Pardon the New York-centric take on the post-season baseball, but we’d better do this fast, inasmuch as I don’t see the Mets and Yankees playing a Subway Series.
The Yankees look tattered as they prepare for their wild-card match with Houston on Tuesday.
They are not the same without Mark Teixeira. Beltran and A-Rod gave it their best shot.
This is not wishful thinking on my part. I would never do such a thing.
The Mets are not the same, either. This was evident in the last few weeks of the regular season. National League pitchers were going outside on Yoenis Cespedes. Then a little more outside. Then way outside. And he kept swinging. Those guys in the stands taking notes were sending emails to the home office confirming what the American League already knew; this guy can be pitched to.
But what a wonderful run it was.
Mets fans need to thank Terry Collins and worthies like Granderson and Wright and Familia and the pitchers, young and old. It was fun. May still be fun for a while.
Meantime, the Mets won the duel of the general managers. in their division. Sandy Alderson made a prophet out of my friend Steve Kettmann, who wrote a book called “Baseball Maverick” with the daring subtitle: “How Sandy Alderson Revolutionized Baseball and Revived the Mets.” Seemed like over-reaching in March. Turned out to be correct.
The Mets fans should also thank Mike Rizzo, the general manager of the Nationals, who did not dismiss Matt Williams in mid-season when it was clear, absolutely clear, that the Nats were less than the sum of their parts.
The Mets could still have some retro fun in October but they need to hang onto those 45 days from Alderson's grand revival at the trading deadline.
"Among the things that have long fascinated people about Jesus and explain his enduring appeal is his method of dialogue and teaching. "He asked a lot of questions and told a lot of stories in the form of parables. In fact, parables form about a third of Jesus’ recorded teachings. The Gospels were written decades after he died, so his questions and parables clearly left a deep impression on those who bore testimony to him....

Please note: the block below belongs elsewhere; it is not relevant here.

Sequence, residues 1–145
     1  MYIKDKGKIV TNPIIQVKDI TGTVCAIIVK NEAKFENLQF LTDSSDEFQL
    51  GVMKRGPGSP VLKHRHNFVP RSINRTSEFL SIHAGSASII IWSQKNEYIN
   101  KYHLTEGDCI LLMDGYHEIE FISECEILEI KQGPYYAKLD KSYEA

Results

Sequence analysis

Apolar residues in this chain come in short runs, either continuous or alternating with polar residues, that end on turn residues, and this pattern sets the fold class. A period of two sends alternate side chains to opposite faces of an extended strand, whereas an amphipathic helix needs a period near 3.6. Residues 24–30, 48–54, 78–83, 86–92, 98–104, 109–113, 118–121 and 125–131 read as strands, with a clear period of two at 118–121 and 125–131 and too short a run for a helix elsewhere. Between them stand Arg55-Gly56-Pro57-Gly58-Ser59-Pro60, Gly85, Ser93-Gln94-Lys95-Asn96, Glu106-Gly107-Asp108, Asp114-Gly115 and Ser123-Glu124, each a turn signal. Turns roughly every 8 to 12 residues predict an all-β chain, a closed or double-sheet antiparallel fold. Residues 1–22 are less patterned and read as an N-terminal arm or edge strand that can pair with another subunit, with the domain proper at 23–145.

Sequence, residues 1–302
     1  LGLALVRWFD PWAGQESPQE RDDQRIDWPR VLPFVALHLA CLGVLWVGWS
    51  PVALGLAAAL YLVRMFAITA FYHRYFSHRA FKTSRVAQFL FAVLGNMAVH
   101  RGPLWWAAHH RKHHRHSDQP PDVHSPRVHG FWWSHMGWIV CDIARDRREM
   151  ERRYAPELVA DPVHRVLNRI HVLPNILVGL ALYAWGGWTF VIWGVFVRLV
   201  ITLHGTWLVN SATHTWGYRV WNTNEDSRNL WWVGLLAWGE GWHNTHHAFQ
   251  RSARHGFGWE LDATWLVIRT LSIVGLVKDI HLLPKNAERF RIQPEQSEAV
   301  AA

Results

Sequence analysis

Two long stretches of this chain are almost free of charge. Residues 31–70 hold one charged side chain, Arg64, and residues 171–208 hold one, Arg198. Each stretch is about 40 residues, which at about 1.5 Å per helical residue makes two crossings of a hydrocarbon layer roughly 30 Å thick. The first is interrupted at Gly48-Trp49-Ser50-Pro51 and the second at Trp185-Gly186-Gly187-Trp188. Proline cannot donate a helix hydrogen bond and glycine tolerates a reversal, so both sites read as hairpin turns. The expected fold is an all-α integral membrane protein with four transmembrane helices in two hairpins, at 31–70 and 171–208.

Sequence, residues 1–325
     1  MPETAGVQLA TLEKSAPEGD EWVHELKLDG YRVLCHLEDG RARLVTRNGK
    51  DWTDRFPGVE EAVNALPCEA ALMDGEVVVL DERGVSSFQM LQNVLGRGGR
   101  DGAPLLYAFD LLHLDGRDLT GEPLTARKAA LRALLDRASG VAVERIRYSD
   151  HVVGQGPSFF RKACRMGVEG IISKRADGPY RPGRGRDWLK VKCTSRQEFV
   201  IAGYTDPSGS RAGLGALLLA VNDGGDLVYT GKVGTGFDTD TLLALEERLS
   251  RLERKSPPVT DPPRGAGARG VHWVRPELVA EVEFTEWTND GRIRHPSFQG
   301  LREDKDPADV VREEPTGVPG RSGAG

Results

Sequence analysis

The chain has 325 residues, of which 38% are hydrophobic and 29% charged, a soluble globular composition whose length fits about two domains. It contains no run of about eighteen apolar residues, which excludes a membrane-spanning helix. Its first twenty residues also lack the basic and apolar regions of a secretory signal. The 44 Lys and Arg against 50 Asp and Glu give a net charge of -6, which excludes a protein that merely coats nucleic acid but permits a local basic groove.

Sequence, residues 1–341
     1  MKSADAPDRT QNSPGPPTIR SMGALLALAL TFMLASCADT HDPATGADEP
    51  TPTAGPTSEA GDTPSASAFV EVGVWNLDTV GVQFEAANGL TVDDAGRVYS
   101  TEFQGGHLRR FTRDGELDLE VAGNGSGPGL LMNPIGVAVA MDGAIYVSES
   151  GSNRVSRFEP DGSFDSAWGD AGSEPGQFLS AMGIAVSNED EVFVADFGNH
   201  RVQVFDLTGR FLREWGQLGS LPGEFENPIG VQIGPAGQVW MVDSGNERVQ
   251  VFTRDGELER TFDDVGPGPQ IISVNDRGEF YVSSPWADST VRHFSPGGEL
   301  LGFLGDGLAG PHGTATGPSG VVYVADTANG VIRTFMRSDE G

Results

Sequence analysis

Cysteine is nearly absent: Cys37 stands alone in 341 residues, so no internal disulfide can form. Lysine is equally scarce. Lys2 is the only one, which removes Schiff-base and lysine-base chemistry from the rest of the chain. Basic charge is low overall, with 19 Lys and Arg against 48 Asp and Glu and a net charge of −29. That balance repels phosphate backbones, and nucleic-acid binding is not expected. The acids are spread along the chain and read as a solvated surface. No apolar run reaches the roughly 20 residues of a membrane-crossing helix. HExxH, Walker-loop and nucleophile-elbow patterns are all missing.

"Some of Jesus’ questions were rhetorical; others were meant to challenge or even provoke. In some cases, Jesus used questions to parry attacks by religious authorities who set traps for him. In others, he used questions to enter more fully into the lives of others and to help people look at the state of their hearts. He asked people about their fears and their faith. Jesus used questions to free a woman caught in adultery from condemnation and to inquire whether people considered him to be the Messiah. He probed deeply into questions not many had asked before him, like “For what is a man profited, if he shall gain the whole world, and lose his own soul?”
---(Peter Wehner, long-time White House consultant and writer, in the NYT last week about Jesus Christ’s method of teaching by asking questions.)
"Would that I could mention all the illuminating details in this biography, for example, why Wells praised Black Americans so highly, saying, 'I took a mighty liking to these gentle, human, dark-skinned people,' and 'Whatever America has to show in heroic living today, I doubt if she can show anything finer than the quality of the resolve, the steadfast efforts hundreds of black and colored men are making today to live blamelessly, honorably and patiently, getting by themselves what scraps of refinement, beauty and learning they may, keeping their hold on a civilization they are grudged and denied.''
-- "How H.G. Wells Predicted the 20th Century," Charles Johnson, NYT Book Review, Nov. 19, 2021. ***".
...the monsters arrive."
"They come in a deafening, surging swarm, blasting from lawn to lawn and filling the air with the stench of gasoline and death. I would call them mechanical locusts, descending upon every patch of gold in the neighborhood the way the grasshoppers of old would arrive, in numbers so great they darkened the sky, to lay bare a cornfield in minutes. But that comparison is unfair to locusts.
"Grasshoppers belong here. Gasoline-powered leaf blowers are invaders, the most maddening of all the maddening, environment-destroying tools of the American lawn-care industry."
---The great Margaret Renkl, from Nashville, one of my favorite NYT bylines, Oct. 26, 2021.
(She describes our Long Island enclave to every decibel, every stink.)